"If something has not been shown to be of benefit, it shouldn't be used," Lyell concluded. "Every now and then, there will be a patient who has an unusual side effect.

"It's important to distinguish between acute treatment, which is given to a woman in preterm labor, and maintenance treatment, which is given to a woman following an episode of preterm labor that has ended," she added. "This study addresses maintenance treatment. We still use nifedipine for acute treatment of preterm labor."


'/>"/>

Contact: Erin Digitale
digitale@stanford.edu
650-724-9175
Stanford University Medical Center
Source:Eurekalert

Related medicine news :

1. Hypnosis helped Stanford/Packard physicians pinpoint cause of childrens seizures
2. Antibiotics can prevent wound complications of childbirth, Stanford/Packard study finds
3. Asian-white couples face distinct pregnancy risks, Stanford/Packard
4. Penn study finds pro-death proteins required to regulate healthy immune function
5. New study shows promise in reducing surgical risks associated with surgical bleeding
6. Study, meta-analysis examine factors associated with death from heatstroke
7. Study suggests loss of 2 types of neurons -- not just 1 -- triggers Parkinsons symptoms
8. Study says COPD testing is not measuring up
9. Preclinical study suggests organ-transplant drug may aid in lupus fight
10. Ability to cope with stress can increase good cholesterol in older white men, study finds
11. High alcohol consumption increases stroke risk, Tulane study says
Post Your Comments:
*Name:
*Comment:
*Email:
(Date:6/26/2016)... ... June 26, 2016 , ... PawPaws brand pet supplements ... that was developed to enhance the health of felines. The formula is all-natural and ... main herbs in the PawPaws Cat Kidney Support Supplement Soft Chews are ...
(Date:6/25/2016)... , ... June 25, 2016 , ... The temporary closing of Bruton Memorial Library on ... Observer , brings up a new, often overlooked aspect of head lice: the parasite’s ability ... fumigation is not a common occurrence, but a necessary one in the event that lice ...
(Date:6/25/2016)... ... June 25, 2016 , ... On Friday, June 10, Van Mitchell, Secretary ... Work award to iHire in recognition of their exemplary accomplishments in worksite health promotion. ... Maryland Workplace Health & Wellness Symposium at the BWI Marriott in Linthicum Heights. iHire ...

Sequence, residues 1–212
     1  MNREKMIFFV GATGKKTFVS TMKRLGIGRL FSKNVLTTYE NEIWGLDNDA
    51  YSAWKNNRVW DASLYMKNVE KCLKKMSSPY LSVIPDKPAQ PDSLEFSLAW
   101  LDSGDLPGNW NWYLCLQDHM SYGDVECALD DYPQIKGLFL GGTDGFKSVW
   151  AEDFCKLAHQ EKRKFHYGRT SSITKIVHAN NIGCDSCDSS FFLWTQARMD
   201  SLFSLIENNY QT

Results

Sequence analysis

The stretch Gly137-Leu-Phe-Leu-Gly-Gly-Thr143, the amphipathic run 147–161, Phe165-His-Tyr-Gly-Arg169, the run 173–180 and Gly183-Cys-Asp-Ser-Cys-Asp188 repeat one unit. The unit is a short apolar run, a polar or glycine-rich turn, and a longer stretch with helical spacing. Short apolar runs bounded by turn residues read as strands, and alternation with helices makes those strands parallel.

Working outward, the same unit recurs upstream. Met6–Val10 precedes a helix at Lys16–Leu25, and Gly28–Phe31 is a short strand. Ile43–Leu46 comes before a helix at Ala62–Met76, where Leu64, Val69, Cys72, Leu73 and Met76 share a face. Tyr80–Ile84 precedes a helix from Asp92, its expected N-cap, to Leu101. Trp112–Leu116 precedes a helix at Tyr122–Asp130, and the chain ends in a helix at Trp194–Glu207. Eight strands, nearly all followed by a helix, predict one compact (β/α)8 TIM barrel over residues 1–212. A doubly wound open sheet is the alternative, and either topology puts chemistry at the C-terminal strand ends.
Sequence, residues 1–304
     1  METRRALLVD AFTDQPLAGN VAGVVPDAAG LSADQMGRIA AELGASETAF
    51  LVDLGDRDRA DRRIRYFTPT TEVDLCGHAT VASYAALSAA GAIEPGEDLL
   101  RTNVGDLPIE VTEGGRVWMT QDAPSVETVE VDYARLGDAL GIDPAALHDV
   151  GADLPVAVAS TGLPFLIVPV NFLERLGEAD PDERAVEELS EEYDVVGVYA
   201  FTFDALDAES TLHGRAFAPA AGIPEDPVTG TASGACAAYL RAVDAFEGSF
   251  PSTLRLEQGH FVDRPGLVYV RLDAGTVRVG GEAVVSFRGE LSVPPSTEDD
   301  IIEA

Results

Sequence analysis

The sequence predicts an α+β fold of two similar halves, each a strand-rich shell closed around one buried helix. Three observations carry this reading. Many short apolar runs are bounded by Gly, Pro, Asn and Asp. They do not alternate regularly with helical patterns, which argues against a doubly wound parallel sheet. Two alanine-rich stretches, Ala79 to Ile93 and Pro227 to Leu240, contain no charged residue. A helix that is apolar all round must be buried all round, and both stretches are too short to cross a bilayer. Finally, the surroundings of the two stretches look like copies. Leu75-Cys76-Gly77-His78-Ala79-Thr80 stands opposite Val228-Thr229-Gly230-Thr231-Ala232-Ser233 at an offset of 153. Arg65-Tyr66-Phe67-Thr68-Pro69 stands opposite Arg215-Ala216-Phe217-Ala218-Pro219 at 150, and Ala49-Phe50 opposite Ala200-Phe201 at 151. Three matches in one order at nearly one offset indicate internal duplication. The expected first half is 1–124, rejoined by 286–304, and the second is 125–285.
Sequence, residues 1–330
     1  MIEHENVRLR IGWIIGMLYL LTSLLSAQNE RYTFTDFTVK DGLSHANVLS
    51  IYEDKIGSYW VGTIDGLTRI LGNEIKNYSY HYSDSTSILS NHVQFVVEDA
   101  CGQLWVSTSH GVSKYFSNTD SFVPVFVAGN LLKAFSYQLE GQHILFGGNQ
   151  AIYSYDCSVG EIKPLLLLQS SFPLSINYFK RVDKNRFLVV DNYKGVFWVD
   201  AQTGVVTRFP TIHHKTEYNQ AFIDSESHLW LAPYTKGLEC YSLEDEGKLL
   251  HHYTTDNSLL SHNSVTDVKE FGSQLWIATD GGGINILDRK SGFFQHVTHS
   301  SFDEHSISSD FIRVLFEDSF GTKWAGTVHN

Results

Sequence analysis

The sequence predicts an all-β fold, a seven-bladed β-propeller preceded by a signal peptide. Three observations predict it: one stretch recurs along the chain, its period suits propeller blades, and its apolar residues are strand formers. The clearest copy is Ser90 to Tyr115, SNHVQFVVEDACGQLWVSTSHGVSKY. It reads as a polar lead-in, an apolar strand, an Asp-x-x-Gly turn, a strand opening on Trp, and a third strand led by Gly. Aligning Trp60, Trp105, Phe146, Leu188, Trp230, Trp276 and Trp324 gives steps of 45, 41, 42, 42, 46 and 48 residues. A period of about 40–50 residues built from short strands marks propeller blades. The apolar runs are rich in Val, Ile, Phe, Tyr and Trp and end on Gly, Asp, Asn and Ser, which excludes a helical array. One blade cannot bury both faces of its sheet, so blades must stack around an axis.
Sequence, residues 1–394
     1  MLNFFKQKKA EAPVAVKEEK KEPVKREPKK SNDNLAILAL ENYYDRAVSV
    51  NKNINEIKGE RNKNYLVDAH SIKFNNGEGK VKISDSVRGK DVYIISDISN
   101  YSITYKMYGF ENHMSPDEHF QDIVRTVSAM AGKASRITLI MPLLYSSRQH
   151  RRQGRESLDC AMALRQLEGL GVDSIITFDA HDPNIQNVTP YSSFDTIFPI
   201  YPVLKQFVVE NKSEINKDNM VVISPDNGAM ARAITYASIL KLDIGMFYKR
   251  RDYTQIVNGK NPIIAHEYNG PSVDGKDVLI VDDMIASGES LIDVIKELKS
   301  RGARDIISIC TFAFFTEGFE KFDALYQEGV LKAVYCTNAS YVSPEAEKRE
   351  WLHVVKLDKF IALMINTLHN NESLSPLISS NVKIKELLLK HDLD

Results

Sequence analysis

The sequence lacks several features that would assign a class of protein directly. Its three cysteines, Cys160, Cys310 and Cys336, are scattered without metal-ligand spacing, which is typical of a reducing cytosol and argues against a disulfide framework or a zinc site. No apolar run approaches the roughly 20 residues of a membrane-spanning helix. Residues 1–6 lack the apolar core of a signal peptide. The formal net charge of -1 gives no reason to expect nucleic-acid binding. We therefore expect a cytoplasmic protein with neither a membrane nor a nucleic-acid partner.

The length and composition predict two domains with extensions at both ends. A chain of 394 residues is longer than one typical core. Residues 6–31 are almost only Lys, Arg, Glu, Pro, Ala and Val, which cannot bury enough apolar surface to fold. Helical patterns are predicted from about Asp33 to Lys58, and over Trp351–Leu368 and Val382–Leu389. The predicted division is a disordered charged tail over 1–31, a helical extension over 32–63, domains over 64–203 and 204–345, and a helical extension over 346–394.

(Date:6/24/2016)... CA (PRWEB) , ... June 24, 2016 , ... Marcy was in a crisis. Her ... would lash out at his family verbally and physically. , “When something upset him, he ... he would use it. He would throw rocks at my other children and say he ...
(Date:6/24/2016)... ... June 24, 2016 , ... Topical BioMedics, Inc, makers of Topricin and MyPainAway Pain Relief Products, ... minimum wage raise to $12 an hour by 2020 and then adjusting it yearly to ... value of the minimum wage, assure the wage floor does not erode again, and make ...
Breaking Medicine News(10 mins):
(Date:6/24/2016)... Belgium , June 24, 2016 /PRNewswire/ ... announced the appointment of Dr. Edward Futcher ... a Non-Executive Director, effective June 23, 2016.Dr. Futcher ... and Nominations and Governance Committees.  As a non-executive ... provide independent expertise and strategic counsel to VolitionRx ...
(Date:6/23/2016)... 23, 2016 Research and Markets has ... - Forecast to 2022" report to their offering. ... for the patients with kidney failure, it replaces the function ... the patient,s blood and thus the treatment helps to keep ... in balance. Increasing number of ESRD patients ...
(Date:6/23/2016)... Ill. , June 23, 2016  In a startling report ... are failing their residents by lacking a comprehensive, proven plan to ... a definitive ranking of how states are tackling the worst ... to only four states – Kentucky , ... Vermont . Of the 28 failing states, three ...
Breaking Medicine Technology: